Now, having managed to remove one layer of the planning process through SHDs, they are seeing that another layer has been added through the use of the courts. He believes that the bar to be allowed to take a JR is very low.

“You don’t carry any risk as a litigant,” he says. “So people are freed of any obligations when they put in objections.” (Under EU planning law a litigant does not get saddled with the other side’s costs in the event of losing a case).

“We think it (SHDs) has been mischaracterised as a system. It is not there long enough to know whether it is successful or not.” “But there was and is a definite need for something like this. We were dealing with a system where planning applications were taking 100 weeks to get through.” 

Yet, there is no getting away from one of the central criticisms. After a mad rush to make it through the planning process, the urgency to actually build appears to be absent for a large percentage of those who get the go-ahead.

Increasing land values

This leads to a suspicion that the scheme is being used by some merely as a way of increasing land values by securing fast-track permission for big developments and then sitting on the land, watching its worth head north.

David O’Connor accepts that once developers have got planning a certain number don’t get cracking with building immediately, although he says that the commencement level is increasing. Some of the delay is down, he says, to time required to fulfil the various conditions that are routinely attached to planning permission.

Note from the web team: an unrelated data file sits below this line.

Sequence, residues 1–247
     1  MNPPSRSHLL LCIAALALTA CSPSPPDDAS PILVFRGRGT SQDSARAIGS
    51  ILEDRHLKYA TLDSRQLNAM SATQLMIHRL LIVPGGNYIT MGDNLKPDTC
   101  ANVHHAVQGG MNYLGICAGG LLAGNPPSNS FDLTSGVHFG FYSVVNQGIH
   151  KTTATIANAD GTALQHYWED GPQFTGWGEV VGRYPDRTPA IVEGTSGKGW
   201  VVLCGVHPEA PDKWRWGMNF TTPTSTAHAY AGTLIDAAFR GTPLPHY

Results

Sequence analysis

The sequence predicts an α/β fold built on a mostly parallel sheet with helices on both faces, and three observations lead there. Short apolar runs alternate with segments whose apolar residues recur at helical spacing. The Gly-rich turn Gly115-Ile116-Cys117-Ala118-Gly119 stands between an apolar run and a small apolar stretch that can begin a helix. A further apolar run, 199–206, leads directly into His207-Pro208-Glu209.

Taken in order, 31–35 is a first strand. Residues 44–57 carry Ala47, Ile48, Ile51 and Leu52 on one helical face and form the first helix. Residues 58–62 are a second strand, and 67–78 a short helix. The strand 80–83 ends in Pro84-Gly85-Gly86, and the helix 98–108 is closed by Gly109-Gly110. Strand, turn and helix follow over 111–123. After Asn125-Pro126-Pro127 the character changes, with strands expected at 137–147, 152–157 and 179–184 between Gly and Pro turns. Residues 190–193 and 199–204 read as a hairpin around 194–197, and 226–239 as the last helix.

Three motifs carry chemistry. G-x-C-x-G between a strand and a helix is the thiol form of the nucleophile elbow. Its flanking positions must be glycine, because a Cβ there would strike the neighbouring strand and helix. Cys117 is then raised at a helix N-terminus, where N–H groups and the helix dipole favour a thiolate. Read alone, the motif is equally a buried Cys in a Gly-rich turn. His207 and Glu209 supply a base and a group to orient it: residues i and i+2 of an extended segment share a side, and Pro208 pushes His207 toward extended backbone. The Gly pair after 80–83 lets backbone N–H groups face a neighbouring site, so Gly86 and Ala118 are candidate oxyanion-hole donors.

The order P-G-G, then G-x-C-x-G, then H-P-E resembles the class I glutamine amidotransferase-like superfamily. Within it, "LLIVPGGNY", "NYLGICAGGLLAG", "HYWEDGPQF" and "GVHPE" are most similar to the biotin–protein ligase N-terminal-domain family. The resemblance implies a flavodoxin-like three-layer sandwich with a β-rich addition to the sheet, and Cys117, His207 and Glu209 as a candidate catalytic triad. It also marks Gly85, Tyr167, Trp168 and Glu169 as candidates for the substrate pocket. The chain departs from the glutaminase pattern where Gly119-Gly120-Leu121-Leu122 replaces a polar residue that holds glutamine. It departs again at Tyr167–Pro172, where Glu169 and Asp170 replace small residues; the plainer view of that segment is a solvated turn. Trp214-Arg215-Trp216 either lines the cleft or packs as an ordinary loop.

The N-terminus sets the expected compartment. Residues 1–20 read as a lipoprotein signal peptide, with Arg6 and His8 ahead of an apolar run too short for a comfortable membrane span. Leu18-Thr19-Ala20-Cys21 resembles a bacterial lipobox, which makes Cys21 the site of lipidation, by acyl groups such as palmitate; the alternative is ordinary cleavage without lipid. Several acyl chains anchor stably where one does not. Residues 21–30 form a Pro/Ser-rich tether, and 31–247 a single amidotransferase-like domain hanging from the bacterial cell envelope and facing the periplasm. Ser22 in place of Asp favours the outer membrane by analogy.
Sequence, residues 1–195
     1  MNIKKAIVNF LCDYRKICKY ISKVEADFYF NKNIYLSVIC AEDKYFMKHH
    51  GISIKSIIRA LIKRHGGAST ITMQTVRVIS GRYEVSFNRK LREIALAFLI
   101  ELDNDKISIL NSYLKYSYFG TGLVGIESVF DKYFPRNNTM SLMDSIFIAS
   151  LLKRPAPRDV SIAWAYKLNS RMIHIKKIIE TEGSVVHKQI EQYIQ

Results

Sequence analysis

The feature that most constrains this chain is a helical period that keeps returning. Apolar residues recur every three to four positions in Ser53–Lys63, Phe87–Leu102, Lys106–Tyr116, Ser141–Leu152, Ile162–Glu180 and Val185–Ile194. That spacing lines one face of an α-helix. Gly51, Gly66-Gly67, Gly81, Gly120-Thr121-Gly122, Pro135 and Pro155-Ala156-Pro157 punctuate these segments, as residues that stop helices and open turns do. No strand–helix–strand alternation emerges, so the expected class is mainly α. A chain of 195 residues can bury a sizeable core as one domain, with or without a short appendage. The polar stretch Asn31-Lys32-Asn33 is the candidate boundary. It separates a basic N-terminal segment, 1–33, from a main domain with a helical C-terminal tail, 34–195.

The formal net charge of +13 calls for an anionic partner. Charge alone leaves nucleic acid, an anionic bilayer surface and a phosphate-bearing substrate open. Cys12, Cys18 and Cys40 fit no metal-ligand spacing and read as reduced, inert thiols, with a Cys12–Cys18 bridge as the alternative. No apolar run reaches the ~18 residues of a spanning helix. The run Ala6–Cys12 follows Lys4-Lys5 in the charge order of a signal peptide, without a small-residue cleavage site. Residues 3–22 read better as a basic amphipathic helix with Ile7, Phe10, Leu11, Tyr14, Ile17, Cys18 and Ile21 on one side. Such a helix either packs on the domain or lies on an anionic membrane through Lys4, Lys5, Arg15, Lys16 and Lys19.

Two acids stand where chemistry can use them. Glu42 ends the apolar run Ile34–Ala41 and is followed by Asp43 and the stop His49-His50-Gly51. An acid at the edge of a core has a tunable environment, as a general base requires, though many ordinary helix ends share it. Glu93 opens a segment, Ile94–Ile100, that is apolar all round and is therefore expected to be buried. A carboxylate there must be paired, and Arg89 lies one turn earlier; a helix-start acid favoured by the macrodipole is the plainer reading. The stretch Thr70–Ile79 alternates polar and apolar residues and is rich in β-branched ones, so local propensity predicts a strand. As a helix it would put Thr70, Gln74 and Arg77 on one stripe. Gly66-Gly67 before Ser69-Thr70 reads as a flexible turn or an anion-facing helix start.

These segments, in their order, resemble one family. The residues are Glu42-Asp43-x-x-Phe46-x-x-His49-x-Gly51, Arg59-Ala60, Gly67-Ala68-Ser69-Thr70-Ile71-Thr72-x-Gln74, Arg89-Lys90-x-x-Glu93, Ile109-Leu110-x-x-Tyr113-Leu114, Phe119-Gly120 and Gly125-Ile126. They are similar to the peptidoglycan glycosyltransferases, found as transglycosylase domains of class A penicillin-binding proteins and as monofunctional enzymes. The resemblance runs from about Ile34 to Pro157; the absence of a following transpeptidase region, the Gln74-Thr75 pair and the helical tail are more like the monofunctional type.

The SHDs are scheduled to run until early next year. PII and other industry bodies are likely to push for extensions. As of now, the main objective on which the scheme was sold has not been fulfilled.

What remains to be seen is whether it can be reshaped in such a way that it will involve more house building than legal arguing.

“There would have to be radical reform which would increase public participation and limit the scope for bypassing development plans,” solicitor Fred Logue says.

In the meantime, it will have to withstand the constitutional challenge being taken by Mrs Desmond and her neighbours. Also, as long as judicial reviews continue to be, for the greater part, successful, people unhappy with proposed developments will go to court.

In the political arena, further controversy could see it quietly shelved next year. Right now, the Minister for Housing Darragh O’Brien is under flak over his controversial ‘help to buy’ scheme. Unless the Strategic Housing Developments begins to bear real fruit he may be reluctant to spend further political capital on it.